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  • MIG question

    I was out in the shop today MIG welding lots of the same part, boring. I got tired of talking to the metal (see Steve’s post “I got caught today”) and I got to thinking. The only way to get the weld bead to have the stack of coins look is to weave or pause the forward motion of the gun. Seems to me this violates the keep the arc at the leading edge of the puddle rule. Does anyone know if this weakens the weld? When I am concerned with strength I use a steady travel and don’t worry about appearance. I have seen several welds posted on this board on critical parts (axels and dif cases ect) that have a very pronounced “stack of coins” look. When welding a coupon for certification I have always used a steady travel. The weld does not look as nice but it usually passed. Is there a method that will produce both a sound weld and a “stack of coins” with MIG? I am mostly self trained and may have(most likley) missed something along the way.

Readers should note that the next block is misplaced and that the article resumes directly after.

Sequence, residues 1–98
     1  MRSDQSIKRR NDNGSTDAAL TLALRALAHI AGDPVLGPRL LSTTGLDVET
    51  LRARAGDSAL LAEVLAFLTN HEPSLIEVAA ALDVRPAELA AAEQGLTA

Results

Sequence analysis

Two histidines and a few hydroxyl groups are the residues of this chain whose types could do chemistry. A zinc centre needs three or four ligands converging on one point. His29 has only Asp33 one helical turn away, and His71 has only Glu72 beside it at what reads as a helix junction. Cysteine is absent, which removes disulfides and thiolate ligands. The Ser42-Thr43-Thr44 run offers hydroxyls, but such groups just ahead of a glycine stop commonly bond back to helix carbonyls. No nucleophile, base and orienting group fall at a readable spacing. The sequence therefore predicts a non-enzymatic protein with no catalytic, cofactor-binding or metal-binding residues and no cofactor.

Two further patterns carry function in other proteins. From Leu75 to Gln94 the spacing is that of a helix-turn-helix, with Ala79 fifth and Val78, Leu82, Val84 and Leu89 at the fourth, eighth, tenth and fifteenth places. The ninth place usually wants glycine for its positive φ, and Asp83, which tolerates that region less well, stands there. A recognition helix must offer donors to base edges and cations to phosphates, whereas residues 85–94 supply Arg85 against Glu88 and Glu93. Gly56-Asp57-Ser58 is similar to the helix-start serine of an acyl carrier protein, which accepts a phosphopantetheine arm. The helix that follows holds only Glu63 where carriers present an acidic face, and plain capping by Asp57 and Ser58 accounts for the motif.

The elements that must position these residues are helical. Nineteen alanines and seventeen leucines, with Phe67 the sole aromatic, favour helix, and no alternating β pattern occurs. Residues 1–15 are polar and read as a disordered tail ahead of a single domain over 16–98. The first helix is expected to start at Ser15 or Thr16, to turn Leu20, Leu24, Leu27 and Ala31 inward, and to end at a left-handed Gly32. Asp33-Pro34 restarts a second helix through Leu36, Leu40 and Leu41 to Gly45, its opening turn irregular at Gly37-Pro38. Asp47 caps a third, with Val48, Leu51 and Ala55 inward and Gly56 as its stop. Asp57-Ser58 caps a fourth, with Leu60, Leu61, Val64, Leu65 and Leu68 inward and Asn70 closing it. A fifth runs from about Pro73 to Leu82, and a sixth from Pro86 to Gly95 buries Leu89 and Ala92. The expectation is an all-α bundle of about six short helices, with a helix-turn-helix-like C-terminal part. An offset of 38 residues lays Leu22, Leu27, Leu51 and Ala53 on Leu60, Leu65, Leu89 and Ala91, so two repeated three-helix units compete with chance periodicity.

Paul

  • #2
    Stake of coins?

    Everyone has adopted or rather created their own preference for appearance. The bottom line is integrity over looks. But for the customer it seems that looks grants the integrity. Not so, but you have to go with it. In any event, and again we have all developed our "pretty welds". For me I push, pull and circle and move on. This leaves a pretty weld with integrity! Practice this by simply going back (a bit faster than your weld) make a tiny circle (your coin) and moving on to where you left off in your weld. It's 1-2-3. Push, Pull, Circle. My guys tell me it's like watching a baker with a frosting bag. But whatever works. I posted this pic on an earlier post but should work here to.